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Tomahawk super kit-car supports a trio of powertrains

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March 10, 2014

The Tomahawk kit-car features various items like dihedral doors, a T6 aluminum monocoque chassis, front and rear crash zones, a polymer panel body, built-in roll bar and a targa-top (Image: Dubuc SLC)

The Tomahawk kit-car features various items like dihedral doors, a T6 aluminum monocoque chassis, front and rear crash zones, a polymer panel body, built-in roll bar and a targa-top (Image: Dubuc SLC)

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While most of Canada seems content to let the rest of the world worry about designing exotic vehicles, some in Quebec see things slightly differently. Recently the francophone province has brought us such automotive morsels as the Felino cb7 and the MK5 track racer, and now Dubuc SLC’s Tomahawk, a multi-talented 2-seater kit-car, capable of supporting an electric drive train, or one pilfered from a gas-powered car or motorcycle, can be added to the list of boutique Quebecois offerings.

Located in Quebec City, the Dubuc Super Light Car team has put forward a scheme where both buyer and designer participate. Recently shown at the Quebec City International Auto Show, the Tomahawk’s design is premised around a traditional mid-engined architectural model. Similar in design and proportions to a Ferrari 458 or Tesla Roadster, the two-door sports car features some interesting design and engineering goodies including gullwing doors, a T6 aluminum monocoque chassis, polymer body panels, a built-in roll bar and a targa-top. The aluminum chassis, reported to weigh in at a scant 300 lb (136 kg) is capable of fitting a 6’3” individual if needed.

Now although the team claims that the Tomahawk kit-car has been “engineered to be the fastest, safest, and strongest SuperCar kit on the market,” it does so without a standard powerplant or provided performance figures. This does provide a diverse platform though. Dubuc SLS says that the aluminum chassis is designed in such a way that it can accept either an electric drive train (as shown in Quebec), gas or motorcycle engine. This multi-tasking ability does require the team to adapt the Tomahawk’s engine mounts and modify the rear driveline system to fit the chosen powerplant.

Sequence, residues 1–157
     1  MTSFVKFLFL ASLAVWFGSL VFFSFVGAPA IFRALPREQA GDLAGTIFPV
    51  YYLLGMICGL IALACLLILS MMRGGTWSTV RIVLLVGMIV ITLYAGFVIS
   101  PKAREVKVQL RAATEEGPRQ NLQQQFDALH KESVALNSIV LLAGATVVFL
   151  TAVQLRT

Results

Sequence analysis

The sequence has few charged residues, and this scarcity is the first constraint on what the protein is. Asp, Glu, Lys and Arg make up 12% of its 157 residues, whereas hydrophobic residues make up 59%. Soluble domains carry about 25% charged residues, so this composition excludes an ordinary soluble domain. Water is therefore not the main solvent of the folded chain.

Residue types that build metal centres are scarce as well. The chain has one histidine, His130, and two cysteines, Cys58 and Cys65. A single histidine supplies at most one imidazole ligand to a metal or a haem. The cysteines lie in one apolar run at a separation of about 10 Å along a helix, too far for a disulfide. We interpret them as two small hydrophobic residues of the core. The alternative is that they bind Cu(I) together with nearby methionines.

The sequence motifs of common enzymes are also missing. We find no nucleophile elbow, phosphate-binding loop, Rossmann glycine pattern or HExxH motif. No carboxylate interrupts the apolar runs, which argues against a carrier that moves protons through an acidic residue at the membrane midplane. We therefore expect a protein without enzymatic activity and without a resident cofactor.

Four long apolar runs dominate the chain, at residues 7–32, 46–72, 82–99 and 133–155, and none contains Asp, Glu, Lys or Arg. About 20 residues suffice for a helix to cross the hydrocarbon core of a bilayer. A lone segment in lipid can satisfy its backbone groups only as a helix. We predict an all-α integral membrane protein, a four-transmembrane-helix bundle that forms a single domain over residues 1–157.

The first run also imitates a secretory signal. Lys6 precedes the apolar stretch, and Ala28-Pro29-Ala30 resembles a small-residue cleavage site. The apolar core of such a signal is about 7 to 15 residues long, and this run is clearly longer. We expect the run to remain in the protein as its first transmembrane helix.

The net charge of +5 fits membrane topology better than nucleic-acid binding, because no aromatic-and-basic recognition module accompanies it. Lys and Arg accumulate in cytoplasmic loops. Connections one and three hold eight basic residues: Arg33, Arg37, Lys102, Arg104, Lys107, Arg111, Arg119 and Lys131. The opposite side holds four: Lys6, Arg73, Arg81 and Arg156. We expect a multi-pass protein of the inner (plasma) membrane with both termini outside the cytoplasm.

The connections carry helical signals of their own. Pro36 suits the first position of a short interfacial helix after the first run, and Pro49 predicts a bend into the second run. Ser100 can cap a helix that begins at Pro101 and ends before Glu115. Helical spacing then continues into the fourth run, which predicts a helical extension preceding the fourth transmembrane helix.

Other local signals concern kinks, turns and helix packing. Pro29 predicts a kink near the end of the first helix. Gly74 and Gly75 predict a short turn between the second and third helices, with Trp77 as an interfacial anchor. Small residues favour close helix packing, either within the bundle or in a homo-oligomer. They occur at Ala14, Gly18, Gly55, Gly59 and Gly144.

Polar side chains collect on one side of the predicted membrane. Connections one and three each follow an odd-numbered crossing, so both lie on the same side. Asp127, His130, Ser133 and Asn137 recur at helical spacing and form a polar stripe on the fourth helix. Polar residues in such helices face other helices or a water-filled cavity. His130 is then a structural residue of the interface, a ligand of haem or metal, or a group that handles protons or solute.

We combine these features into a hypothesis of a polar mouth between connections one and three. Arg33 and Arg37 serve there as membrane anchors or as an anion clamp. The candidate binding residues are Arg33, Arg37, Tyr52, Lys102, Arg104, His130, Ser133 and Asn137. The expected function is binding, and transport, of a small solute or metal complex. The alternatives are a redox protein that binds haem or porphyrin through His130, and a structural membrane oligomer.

The kit itself provides many key ingredients to build the Tomahawk, but buyers are still on the hook to source some of the kit-car’s remaining items. Things like the engine and transmission from a FWD vehicle needs to be tracked down, as does a C4 Corvette’s front suspension, bearings, wheels and brake components, a wiring harness to help get the electrics functioning, lights, the radiator, fuel tank, seat belts and of course, carpet. A full list of what's in the kit and what you need to bring to the table yourself can be found here.

So while the kit price of US$19,995 may seem appealing, the economic reality is buyers will be required to do some extra financial lifting. Mario Dubuc says the cost of a full build could come in as low as $30,000 providing a suitable donor car is found, and with a build time estimated at a 250 hours, those with the know-how might still find a bargain-priced supercar at the end of this rainbow.